The long-term goal of our research is to understand the cellular mechanisms by which precisely organized
auditory networks become established and how this process is influenced by normal and abnormal neuronal
activity. The proposed project is aimed at elucidating these mechanisms in a tonotopically organized,
inhibitory sound localization pathway in the auditory brainstem. Specifically, we aim to shed light on the
mechanisms by which the inhibitory connections from the medial nucleus of the trapezoid body (MNTB) to
the lateral superior olive (LSO) become tonotopically organized and functionally fine-tuned. We recently
demonstrated that formation of the tonotopic organization of the MMTB-LSO pathway involves specific
functional elimination (silencing) and strengthening of GABA/glycinergic connections before hearing onset.
We also found that during this period of reorganization, MNTB-LSO synapses can undergo activity-
dependent long-term depression that involves cannabinoid signaling and, in addition to GABA and glycine,
surprisingly also release glutamate as a third neurotransmitter.
Building on these findings we are proposing experiments to a) illuminate the basic cellular and synaptic
mechanisms by which MNTB-LSO connections become strengthened or eliminated during circuit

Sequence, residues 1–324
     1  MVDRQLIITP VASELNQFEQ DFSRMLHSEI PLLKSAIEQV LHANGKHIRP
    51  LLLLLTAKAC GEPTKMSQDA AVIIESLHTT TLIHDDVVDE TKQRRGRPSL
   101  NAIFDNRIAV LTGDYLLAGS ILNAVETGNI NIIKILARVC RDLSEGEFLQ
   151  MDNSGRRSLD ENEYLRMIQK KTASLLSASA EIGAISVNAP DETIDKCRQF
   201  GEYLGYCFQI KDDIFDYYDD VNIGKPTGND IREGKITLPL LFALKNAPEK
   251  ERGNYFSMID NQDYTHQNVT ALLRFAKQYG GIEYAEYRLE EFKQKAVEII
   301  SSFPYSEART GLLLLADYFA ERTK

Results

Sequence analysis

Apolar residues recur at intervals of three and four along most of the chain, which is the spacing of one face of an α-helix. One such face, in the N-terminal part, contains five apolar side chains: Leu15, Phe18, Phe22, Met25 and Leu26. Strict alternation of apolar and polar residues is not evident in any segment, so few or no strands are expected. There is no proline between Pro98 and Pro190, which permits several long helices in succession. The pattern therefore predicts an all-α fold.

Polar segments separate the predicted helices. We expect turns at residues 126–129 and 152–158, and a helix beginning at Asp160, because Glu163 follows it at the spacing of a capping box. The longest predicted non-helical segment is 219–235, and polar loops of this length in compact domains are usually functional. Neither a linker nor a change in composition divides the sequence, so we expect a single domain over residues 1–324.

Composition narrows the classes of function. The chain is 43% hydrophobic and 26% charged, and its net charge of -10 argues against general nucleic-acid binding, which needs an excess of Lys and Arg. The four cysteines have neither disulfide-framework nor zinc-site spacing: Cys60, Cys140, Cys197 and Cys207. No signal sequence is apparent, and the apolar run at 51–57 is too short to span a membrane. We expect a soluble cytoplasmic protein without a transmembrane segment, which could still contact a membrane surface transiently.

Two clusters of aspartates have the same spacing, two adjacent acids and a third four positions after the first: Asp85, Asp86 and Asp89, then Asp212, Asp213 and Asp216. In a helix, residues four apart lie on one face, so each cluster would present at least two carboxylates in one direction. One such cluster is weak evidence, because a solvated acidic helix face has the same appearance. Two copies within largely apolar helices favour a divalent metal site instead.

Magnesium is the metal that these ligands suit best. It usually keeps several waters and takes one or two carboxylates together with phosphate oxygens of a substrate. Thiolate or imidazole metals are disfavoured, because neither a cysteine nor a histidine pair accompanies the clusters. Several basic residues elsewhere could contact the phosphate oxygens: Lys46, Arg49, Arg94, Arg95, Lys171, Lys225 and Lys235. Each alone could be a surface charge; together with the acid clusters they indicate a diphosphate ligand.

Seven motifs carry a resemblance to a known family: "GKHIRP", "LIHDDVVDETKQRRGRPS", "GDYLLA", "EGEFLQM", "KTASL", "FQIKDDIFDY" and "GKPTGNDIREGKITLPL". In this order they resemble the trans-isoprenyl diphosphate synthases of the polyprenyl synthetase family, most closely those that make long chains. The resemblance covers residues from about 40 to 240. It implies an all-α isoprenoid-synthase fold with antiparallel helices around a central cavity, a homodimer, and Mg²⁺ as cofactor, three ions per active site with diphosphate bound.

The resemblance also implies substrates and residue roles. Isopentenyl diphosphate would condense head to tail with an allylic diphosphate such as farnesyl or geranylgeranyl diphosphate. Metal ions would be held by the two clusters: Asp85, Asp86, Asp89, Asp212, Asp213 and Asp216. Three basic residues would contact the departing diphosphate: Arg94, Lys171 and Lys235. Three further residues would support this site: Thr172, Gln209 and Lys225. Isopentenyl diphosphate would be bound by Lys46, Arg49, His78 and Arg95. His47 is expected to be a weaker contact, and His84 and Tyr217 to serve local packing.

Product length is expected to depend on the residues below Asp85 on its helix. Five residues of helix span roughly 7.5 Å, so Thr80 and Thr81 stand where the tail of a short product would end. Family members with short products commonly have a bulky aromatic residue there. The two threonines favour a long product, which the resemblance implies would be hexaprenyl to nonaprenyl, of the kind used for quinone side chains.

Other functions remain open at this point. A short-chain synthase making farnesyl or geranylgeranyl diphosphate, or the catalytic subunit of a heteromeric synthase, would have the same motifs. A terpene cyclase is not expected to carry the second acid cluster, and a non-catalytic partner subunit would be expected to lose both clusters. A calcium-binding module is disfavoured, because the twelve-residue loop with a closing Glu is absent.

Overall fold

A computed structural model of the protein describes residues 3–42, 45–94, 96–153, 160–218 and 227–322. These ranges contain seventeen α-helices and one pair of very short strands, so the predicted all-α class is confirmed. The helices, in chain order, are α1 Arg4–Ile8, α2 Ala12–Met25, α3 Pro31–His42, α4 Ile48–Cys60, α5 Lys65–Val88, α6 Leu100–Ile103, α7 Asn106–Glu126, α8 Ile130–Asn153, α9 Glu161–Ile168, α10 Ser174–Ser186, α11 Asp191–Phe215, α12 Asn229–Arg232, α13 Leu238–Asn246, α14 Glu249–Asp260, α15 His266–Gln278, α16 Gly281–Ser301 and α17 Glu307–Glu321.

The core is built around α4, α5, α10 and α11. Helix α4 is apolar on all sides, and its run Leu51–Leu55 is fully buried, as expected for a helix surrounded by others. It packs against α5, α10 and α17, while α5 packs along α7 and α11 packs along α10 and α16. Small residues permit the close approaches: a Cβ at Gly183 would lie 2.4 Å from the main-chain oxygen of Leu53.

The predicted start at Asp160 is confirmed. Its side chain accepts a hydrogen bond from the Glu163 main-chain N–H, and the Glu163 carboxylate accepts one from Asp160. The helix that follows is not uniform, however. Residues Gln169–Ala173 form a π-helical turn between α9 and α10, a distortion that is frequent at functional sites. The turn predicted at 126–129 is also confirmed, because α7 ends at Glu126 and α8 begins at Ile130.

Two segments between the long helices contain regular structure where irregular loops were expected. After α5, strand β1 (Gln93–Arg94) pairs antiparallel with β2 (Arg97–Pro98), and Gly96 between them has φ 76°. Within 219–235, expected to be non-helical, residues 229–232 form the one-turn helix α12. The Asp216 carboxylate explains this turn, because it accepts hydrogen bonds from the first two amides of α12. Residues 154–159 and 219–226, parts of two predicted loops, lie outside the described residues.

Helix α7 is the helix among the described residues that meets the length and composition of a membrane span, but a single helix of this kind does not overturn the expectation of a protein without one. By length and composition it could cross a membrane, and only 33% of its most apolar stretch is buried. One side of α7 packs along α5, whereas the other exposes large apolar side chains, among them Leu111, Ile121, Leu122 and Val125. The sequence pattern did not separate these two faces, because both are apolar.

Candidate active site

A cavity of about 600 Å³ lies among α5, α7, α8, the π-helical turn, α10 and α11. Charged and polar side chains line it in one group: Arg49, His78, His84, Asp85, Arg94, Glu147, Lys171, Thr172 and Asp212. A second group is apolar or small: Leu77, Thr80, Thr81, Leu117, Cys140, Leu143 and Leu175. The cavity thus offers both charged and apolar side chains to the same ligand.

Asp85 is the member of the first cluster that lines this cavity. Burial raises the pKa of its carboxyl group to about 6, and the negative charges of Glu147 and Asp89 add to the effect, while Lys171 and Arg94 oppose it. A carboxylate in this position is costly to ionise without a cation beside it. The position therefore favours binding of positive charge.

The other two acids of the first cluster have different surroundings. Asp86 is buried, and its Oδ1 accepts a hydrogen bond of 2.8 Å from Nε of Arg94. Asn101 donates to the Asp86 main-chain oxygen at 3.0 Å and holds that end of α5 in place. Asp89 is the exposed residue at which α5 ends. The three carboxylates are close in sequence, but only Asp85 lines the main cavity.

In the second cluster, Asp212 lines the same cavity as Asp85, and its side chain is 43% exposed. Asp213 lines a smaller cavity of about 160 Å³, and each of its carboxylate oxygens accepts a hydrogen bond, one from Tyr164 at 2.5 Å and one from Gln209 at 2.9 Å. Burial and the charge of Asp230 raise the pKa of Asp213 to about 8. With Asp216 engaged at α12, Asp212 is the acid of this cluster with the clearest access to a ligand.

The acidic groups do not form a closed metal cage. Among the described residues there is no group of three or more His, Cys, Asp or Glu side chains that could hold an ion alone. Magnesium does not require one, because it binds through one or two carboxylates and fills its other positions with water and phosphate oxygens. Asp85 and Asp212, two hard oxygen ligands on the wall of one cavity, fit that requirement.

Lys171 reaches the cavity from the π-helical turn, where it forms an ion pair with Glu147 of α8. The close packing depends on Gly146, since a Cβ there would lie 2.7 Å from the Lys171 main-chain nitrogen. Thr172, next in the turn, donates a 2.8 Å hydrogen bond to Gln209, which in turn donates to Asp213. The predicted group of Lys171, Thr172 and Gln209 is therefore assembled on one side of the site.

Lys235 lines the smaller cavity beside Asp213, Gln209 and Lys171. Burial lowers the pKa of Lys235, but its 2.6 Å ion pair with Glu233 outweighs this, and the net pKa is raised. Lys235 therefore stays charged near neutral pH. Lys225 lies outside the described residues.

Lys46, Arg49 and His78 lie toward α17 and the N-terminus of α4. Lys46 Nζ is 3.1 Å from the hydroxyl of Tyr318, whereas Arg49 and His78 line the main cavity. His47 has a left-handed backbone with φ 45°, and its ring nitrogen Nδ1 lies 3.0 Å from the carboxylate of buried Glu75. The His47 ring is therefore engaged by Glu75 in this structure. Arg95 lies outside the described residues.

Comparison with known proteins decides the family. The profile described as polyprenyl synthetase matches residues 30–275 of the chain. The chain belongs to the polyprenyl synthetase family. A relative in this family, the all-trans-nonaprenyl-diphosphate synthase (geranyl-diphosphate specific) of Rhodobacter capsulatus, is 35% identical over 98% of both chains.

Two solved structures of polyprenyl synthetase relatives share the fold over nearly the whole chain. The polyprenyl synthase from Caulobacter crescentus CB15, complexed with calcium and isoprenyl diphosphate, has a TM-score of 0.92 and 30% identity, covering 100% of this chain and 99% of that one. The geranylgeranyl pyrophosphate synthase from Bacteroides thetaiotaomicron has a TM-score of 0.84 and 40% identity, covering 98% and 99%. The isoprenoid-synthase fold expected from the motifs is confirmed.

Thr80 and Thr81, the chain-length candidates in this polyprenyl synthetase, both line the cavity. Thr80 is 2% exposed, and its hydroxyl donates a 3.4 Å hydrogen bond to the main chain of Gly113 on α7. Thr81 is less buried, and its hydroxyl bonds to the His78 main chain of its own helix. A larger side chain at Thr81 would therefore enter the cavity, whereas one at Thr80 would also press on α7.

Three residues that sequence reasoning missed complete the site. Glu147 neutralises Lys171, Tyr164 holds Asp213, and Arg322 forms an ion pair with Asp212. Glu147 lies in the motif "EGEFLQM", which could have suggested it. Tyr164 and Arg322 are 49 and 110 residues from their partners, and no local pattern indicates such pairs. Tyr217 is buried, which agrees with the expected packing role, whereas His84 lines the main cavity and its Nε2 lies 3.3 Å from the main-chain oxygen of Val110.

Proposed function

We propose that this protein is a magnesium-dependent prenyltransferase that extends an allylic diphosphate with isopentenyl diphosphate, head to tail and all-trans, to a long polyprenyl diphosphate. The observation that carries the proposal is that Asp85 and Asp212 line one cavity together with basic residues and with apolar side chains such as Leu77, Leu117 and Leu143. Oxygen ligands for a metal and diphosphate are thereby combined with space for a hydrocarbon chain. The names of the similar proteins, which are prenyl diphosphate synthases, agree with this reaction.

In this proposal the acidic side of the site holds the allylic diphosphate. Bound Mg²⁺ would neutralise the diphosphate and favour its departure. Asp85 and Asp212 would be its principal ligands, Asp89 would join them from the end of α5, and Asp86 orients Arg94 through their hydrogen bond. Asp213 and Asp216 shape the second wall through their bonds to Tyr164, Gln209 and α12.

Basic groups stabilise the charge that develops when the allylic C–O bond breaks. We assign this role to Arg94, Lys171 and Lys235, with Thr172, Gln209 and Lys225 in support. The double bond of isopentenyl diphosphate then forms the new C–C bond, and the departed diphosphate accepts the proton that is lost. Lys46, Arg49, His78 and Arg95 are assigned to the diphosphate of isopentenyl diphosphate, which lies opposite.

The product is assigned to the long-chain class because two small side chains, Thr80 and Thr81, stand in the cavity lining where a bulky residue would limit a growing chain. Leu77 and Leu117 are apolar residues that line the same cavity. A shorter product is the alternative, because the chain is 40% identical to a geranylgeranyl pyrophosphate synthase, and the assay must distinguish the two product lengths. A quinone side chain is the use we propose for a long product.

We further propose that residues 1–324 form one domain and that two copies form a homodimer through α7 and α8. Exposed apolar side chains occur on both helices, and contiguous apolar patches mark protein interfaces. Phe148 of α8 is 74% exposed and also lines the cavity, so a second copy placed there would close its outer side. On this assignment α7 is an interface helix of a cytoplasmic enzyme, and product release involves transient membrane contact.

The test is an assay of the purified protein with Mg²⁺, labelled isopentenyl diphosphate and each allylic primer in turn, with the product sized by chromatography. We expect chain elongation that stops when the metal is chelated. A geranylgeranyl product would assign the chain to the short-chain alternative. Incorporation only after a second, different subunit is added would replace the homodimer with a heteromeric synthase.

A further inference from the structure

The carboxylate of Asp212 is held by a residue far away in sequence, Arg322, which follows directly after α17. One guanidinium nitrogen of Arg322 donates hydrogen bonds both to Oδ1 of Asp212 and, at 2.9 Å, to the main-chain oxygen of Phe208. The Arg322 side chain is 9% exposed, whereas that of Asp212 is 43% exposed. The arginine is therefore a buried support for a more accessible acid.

reorganization and b) shed light on the seemingly paradoxical phenomenon of glutamate release from
GABA/glycinergic MNTB-LSO synapses. To achieve these goals we will apply a variety of modern
electrophysiological and imaging techniques, such as whole-cell and perforated patch clamp recordings,
confocal calcium imaging, and mapping of functional connectivity with focal photolysis of caged glutamate, in
auditory brainstem slices prepared from neonatal mice.
The proposed research may provide new insights into the basic rules and activity-dependent mechanisms by
which primary sound localization circuits in the mammalian brain become assembled and functionally fine-
tuned. Detailed knowledge of these mechanisms is crucial for understanding the emergence of abnormal
auditory circuits that result from early cochlea damage or malfunction and thus can help us to understand the
cause of human communication disorders such as language perception, specific language impairment, and
dyslexia that result from impaired auditory processing and that likely have developmental components.